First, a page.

are likely to part ways with former first-rounder Dwayne Bowe
after this season. (AP)
Despite the guaranteed payday that comes with it, NFL players are loathe to accept the franchise tag. But it can be just as frustrating for the teams that hand out those tags.
Which brings us to the cautionary tale -- though, "cautionary fail" might be more fitting -- of Dwayne Bowe.
The NFL's extended trade deadline came and went Thursday without the Kansas City Chiefs moving Bowe. The 28-year-old wide receiver, who's earning $9.5 million under the franchise tag this season, then went out on Thursday night and caught eight passes for 79 yards in Kansas City's latest loss. Bowe also fumbled to kill an early drive, but aside from that, he looked every bit the part of a top-flight receiver.
And now, the Chiefs are stuck with him for eight more games, after which he'll either leave via free agency or they'll have to hit him with an even more lucrative franchise tag.
The Chiefs, now 1-7 on the season, likely would have jumped at a reasonable offer for Bowe prior to the deadline. The reasons 31 other teams shied away were numerous: questions about Bowe's work ethic, the $5 million he's still owed for the remainder of this season, the difficulties of teaching a receiver a new system in short order, rumblings that he would not sign a long-term deal with a new team ...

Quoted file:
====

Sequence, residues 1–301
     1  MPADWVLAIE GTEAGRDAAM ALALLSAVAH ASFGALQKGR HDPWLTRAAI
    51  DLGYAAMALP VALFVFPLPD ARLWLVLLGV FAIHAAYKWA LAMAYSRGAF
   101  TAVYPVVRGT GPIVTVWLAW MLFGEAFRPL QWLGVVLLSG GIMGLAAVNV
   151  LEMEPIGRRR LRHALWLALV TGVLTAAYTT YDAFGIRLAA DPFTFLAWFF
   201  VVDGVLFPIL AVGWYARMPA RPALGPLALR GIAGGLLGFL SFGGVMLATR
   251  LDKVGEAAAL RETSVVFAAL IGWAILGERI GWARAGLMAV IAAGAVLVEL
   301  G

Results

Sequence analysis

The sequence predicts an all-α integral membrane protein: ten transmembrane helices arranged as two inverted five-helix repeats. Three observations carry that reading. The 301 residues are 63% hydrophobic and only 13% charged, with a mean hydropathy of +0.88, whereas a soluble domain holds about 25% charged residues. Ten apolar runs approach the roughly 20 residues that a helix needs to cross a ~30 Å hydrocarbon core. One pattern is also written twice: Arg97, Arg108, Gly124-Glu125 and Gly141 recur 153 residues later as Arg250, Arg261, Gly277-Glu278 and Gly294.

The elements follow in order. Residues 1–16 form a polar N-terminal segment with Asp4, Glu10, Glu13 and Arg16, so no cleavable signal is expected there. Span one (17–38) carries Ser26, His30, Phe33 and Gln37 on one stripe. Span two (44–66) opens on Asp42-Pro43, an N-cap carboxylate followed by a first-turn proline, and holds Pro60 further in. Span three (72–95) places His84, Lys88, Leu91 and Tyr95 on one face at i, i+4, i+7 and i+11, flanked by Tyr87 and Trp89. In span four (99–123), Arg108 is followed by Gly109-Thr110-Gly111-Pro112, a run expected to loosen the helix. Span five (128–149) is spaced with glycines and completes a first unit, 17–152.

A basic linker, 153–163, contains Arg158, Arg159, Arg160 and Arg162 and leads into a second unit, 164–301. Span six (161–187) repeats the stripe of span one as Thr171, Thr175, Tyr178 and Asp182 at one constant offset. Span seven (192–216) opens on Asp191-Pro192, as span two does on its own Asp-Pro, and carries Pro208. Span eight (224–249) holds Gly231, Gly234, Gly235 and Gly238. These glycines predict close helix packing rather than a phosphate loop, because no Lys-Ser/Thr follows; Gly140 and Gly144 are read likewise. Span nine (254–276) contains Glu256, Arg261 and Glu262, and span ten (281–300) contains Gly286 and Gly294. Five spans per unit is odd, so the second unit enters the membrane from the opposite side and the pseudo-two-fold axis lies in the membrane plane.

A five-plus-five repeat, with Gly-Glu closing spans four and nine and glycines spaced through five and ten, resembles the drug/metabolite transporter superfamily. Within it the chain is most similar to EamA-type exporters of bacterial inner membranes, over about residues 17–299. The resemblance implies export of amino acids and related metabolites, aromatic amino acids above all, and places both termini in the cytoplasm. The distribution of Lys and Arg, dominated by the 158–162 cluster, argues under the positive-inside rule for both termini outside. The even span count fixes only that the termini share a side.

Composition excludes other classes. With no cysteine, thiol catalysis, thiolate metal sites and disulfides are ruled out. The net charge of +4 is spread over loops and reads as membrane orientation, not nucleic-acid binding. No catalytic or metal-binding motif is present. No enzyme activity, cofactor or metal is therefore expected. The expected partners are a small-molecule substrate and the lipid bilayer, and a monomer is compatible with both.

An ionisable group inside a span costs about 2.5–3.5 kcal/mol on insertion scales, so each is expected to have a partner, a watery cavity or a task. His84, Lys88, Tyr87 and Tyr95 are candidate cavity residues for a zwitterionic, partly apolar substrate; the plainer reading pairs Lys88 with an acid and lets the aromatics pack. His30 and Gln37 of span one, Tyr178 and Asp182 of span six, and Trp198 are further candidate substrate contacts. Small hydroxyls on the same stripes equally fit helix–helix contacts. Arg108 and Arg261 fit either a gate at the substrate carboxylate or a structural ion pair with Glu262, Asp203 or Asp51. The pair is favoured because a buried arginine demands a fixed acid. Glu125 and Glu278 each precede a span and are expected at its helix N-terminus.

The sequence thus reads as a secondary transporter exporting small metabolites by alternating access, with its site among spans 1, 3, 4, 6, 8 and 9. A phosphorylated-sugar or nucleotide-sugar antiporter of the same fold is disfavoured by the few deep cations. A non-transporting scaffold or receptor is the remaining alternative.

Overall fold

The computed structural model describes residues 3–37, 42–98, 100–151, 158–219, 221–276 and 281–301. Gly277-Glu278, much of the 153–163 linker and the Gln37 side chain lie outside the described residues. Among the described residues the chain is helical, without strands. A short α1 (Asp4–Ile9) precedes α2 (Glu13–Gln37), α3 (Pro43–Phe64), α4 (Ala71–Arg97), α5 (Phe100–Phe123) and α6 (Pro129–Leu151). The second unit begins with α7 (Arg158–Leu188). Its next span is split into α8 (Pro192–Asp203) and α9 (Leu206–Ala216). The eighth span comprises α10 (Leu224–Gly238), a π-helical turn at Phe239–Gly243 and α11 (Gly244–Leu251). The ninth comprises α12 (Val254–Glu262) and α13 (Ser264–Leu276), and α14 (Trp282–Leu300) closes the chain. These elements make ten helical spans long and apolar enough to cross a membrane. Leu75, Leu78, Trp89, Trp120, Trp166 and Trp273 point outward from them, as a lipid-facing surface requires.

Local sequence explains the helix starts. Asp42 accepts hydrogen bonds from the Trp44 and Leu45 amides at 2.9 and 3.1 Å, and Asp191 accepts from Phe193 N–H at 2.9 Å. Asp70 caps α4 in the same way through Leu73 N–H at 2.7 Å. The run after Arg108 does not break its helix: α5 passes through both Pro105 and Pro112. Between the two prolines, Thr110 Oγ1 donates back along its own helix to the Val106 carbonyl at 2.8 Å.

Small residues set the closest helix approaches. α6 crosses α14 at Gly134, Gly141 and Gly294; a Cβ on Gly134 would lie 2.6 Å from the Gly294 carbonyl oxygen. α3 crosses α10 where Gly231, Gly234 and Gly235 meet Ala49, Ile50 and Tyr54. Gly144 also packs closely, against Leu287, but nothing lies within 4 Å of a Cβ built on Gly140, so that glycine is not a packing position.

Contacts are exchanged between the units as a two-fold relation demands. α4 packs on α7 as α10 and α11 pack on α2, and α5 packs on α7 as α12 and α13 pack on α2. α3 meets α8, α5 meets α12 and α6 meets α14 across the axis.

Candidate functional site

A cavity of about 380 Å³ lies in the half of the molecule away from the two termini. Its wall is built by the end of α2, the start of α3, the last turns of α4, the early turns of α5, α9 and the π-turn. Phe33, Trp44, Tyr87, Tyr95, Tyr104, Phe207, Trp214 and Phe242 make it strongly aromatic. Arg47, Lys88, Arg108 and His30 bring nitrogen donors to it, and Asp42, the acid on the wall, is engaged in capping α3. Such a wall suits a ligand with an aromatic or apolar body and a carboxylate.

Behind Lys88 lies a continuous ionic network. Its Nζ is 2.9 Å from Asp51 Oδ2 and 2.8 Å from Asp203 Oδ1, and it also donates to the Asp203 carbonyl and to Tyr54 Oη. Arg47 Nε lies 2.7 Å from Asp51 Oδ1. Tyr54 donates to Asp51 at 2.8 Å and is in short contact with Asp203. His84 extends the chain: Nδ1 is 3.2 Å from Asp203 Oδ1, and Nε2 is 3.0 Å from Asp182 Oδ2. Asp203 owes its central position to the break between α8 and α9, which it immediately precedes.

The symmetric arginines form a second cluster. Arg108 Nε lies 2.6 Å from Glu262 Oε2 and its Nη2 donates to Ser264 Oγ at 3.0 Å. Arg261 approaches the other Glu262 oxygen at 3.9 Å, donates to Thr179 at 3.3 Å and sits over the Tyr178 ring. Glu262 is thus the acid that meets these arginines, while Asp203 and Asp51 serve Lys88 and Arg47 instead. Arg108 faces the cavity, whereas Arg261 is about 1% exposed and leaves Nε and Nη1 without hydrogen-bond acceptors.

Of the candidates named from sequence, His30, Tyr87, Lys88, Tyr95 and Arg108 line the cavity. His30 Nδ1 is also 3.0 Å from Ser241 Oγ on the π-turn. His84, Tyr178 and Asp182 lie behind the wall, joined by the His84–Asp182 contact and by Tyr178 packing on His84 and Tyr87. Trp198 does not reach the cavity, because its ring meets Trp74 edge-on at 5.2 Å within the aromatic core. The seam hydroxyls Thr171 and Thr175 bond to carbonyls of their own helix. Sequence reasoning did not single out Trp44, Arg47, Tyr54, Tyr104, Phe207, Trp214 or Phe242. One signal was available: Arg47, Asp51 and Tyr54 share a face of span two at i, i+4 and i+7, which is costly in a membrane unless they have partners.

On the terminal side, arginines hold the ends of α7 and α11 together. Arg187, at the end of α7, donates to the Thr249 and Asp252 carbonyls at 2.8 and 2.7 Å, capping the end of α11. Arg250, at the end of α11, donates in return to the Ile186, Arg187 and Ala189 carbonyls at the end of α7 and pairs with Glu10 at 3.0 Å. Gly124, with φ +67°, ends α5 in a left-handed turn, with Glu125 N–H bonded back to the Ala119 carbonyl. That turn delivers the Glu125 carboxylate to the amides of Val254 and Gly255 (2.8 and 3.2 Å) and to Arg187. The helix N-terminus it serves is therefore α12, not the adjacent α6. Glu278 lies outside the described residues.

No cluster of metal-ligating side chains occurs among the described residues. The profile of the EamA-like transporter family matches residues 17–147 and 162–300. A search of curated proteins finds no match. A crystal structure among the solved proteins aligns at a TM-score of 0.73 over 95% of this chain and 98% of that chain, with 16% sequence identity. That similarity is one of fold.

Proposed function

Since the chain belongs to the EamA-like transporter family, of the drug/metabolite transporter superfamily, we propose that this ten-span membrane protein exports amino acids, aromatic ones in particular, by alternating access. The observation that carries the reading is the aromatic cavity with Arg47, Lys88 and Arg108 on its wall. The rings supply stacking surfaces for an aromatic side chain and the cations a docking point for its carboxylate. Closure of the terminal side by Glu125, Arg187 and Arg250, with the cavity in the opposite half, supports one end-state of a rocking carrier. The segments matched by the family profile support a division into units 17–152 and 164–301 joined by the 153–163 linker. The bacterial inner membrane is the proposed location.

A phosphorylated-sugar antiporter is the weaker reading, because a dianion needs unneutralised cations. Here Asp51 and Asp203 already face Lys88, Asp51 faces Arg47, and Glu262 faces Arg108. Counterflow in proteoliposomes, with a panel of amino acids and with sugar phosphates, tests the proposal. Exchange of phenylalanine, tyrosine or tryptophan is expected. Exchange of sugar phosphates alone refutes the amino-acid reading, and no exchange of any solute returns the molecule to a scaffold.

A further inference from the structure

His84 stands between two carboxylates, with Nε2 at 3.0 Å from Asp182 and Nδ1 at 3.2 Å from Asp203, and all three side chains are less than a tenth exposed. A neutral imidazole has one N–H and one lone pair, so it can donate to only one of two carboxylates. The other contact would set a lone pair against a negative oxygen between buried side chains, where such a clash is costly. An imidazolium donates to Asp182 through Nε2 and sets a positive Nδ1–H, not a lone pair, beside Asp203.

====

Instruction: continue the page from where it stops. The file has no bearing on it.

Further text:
Kansas City's 2011 draft pick of Jonathan Baldwin was made, at least in part, with the hope that Baldwin eventually could replace Bowe. He should get his chance in 2013 -- a team that could be in full rebuilding mode like the Chiefs probably won't spend upwards of $10 million on a potentially disgruntled player like Bowe.
By not trading him, the Chiefs more or less have resigned themselves to getting just a compensatory pick should Bowe leave in free agency -- something like a third- or fourth-round pick in the 2014 draft.
That's hardly worth the investment Kansas City made in Bowe this season.
Bowe has 45 catches for 571 yards and three touchdowns this season, team-bests all, but the current situation makes it easy for Chiefs fans to look back and second-guess the team's decision to tag Bowe. By doing so, Kansas City let top cornerback Brandon Carr walk into free agency (he signed with Dallas). Carr's replacement, Stanford Routt, has been disappointing, to say the least.
Would this season have played out any differently if the Chiefs had held onto Carr and allowed Bowe to bail?
Maybe. Maybe not. The Bucs showed Thursday, though, that it's easier to deal a cornerback than a wide receiver, as they shot Aqib Talib to the Patriots for a fourth-round pick. In a worst-case scenario, Kansas City probably could have unloaded Carr on a playoff contender prior to the deadline.
Instead, the Chiefs sat idly by as that deadline past, then went out and lost another game with Bowe on the roster.